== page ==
REVIEW OF RELATED LITERATURE According to National Institute on Deafness and Other Communication Disorders

REVIEW OF RELATED LITERATURE According to National Institute on Deafness and Other Communication Disorders

According to National Institute on Deafness and Other Communication Disorders (NIDCD) updated last January 27, 2017, states that the “Scientists continue to discover new genetic and genomic alterations (including the role of copy number variants) associated with speech and language disorders using new methods such as next-generation whole-exome sequencing.209-213 For example, a new gene, GRIN2A, was identified for focal epilepsies with speech and language disorders, reinforcing an important role for this gene in motor speech function.214, 215 These discoveries are likely to improve the classification, diagnosis, and treatment of speech and language disorders.”
Scientist continue to search for new methods regarding the speech disorder. Discoveries for clarifications, diagnosis and treatment on the disorder. (NIDCD, January 27, 2017)
Based on the study of Roseberry – McKibbin(1995), “Speech is the vocal utterance of language and it is considered disordered in three underlying ways: voice, articulation, and fluency.”
In connection, Berkowitz, S. (1994), Bernthal, J.E. & Bankson, N.W. (1993) and Beukelman, D.R., & Mirenda, P. (1992) stated that “Speech and language disorders refer to problems in communication and related areas such as oral motor function. These delays and disorders range from simple sound substitutions to the inability to understand or use language or use the oral-motor mechanism for functional speech and feeding. Some causes of speech and language disorders include hearing loss, neurological disorders, brain injury, mental retardation, drug abuse, physical impairments such as cleft lip or palate, and vocal abuse or misuse. Frequently, however, the cause is unknown. Speech disorders refer to difficulties producing speech sounds or problems with voice quality. They might be characterized by an interruption in the flow or rhythm of speech, such as stuttering, which is called dysfluency. Speech disorders may be problems with the way sounds are formed, called articulation or phonological disorders, or they may be difficulties with the pitch, volume or quality of the voice. There may be a combination of several problems. People with speech disorders have trouble using some speech sounds, which can also be a symptom of a delay. They may say “see” when they mean “ski” or they may have trouble using other sounds like “l” or “r”. Listeners may have trouble understanding what someone with a speech disorder is trying to say. People with voice disorders may have trouble with the way their voices sound. Speech-language pathologists assist children who have communication disorders in various ways. They provide individual therapy for the child; consult with the child’s teacher about the most effective ways to facilitate the child’s communication in the class setting; and work closely with the family to develop goals and techniques for effective therapy in class and at home. Technology can help children whose physical conditions make communication difficult. The use of electronic communication systems allow nonspeaking people and people with severe physical disabilities to engage in the give and take of shared thought.”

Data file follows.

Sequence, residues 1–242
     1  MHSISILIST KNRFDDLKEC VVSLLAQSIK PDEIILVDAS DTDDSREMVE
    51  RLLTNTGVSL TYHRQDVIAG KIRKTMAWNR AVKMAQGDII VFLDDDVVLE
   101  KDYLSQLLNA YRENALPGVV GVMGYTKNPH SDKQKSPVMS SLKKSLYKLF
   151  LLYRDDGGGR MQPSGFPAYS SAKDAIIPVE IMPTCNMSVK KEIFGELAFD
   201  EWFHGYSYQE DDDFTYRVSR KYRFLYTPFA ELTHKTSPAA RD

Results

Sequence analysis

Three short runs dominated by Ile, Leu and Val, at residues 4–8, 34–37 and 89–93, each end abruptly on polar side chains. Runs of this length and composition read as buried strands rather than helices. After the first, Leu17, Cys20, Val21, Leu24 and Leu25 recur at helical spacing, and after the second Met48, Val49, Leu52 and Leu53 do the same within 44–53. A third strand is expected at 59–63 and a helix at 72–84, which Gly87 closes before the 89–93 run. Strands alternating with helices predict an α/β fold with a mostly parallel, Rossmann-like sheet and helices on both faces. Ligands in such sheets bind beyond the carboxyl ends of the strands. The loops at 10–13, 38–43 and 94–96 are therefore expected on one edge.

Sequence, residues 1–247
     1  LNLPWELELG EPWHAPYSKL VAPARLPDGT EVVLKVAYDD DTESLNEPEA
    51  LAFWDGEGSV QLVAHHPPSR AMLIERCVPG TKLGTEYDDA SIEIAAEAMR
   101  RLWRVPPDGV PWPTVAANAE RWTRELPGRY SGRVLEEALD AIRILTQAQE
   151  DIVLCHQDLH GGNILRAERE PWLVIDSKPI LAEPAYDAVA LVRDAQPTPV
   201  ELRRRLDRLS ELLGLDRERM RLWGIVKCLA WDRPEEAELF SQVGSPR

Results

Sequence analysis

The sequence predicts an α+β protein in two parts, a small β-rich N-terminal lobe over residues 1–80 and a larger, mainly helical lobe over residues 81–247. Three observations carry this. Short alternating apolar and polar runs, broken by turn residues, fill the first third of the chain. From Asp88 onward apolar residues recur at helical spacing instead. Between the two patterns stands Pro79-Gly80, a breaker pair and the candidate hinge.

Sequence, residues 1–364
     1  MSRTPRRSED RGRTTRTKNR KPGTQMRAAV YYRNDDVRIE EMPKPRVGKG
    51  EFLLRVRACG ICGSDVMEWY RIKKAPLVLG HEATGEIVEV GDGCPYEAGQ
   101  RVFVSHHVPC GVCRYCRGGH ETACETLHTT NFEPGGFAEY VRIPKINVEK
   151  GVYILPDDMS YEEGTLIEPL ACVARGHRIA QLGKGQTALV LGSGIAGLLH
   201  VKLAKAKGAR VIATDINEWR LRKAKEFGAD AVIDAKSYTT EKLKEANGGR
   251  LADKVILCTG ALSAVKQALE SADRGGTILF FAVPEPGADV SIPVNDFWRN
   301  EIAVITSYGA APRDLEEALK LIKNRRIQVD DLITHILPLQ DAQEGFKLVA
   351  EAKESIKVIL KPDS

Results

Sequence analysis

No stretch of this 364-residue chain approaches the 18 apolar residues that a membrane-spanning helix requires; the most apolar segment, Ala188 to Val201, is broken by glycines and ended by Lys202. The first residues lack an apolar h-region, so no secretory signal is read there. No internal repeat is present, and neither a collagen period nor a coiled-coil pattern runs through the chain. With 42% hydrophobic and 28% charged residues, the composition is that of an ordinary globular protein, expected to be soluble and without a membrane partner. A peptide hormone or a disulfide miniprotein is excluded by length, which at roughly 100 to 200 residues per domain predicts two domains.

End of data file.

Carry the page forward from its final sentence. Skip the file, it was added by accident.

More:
The disorder refer to problem in communication. It includes hearing loss, neurological disorders, brain injury, mental retardation, vocal abuse and misuse. (Berkowitz, S. (1994), Bernthal, J.E. & Bankson, N.W. (1993) and Beukelman, D.R., & Mirenda, P. (1992))June 11, 2015, “Nearly 1 in 12 children ages 3–17 has had a disorder related to voice, speech, language, or swallowing in the past 12 months, according to results of the first nationally representative survey of these disorders among children in the United States. Data from a supplement to the 2012 National Health Interview Survey (NHIS) also reveal that more than half of children with a communication or swallowing disorder receive intervention services.”